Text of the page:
Benjamin Banneker & Washington DC

Legend has it that Benjamin Banneker reconstructed Pierre-Charles L'Enfant's Washington DC design from memory after L'Enfant ran off with the plans. Banneker biographer Silvio Bedini argues that the story cannot be true, since Banneker left the project long before L'Enfant did:

[Banneker's departure from the District of Columbia] occurred at some time late in the month of April 1791.... It was not until some ten months after Banneker's departure from the scene that L'Enfant was dismissed, by means of a letter from Jefferson dated February 27, 1792. This conclusively dispels any basis for the legend that after L'Enfant's dismissal and his refusal to make available his plan of the city, Banneker recollected the plan in detail from which Ellicott was able to reconstruct it.

Silvio Bedini, Life of Benjamin Banneker, (Baltimore: Maryland Historical Society, 1999) p. 136

Historian Bob Arnebeck, author of Through A Fiery Trial and other Washington DC historical literature, cites more evidence against the story:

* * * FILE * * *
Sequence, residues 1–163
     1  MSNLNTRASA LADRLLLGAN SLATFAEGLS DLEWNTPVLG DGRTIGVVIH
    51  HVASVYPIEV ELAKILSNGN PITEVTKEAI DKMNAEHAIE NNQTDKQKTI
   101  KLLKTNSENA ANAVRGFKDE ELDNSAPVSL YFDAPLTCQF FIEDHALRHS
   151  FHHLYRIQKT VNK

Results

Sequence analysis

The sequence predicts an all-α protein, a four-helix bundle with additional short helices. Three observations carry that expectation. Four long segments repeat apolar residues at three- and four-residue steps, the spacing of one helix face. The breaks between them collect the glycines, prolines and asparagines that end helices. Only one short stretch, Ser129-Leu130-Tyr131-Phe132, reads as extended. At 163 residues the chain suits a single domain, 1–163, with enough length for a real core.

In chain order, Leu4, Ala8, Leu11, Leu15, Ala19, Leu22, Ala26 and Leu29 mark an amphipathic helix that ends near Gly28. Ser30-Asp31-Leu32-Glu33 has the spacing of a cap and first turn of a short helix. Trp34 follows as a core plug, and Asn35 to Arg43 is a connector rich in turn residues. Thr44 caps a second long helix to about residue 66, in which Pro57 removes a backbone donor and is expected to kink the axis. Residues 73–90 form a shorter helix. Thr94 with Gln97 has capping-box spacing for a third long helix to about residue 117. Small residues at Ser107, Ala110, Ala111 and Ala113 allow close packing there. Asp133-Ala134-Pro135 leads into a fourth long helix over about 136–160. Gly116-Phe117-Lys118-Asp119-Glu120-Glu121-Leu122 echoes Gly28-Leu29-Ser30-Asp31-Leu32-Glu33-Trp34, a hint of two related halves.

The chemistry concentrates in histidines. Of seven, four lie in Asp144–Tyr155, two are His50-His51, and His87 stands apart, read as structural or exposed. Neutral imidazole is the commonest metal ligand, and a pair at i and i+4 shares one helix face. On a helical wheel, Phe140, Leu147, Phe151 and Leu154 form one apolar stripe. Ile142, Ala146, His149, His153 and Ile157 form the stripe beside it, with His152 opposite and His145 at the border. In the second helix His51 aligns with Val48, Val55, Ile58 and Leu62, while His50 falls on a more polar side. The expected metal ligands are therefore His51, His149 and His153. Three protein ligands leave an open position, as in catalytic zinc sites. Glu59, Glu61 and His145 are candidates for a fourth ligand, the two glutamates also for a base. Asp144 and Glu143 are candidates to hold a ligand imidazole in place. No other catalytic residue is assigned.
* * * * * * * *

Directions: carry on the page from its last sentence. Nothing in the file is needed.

While Benjamin Banneker helped Ellicott survey the district line in 1791, the story about Banneker recalling L'Enfant's plan from memory, so that the plan could be engraved after L'Enfant quit, is not true. Andrew Ellicott's letter to the commissioners [shows] that it was his brother Benjamin Ellicott, not Benjamin Banneker, who helped him prepare a map of the city for engravers after L'Enfant refused his use of the original plan.

Source: Bob Arnebeck's homepage (accessed 9/07/2003).

According to Arnebeck, "There is no evidence that Banneker contributed anything to the design of the city."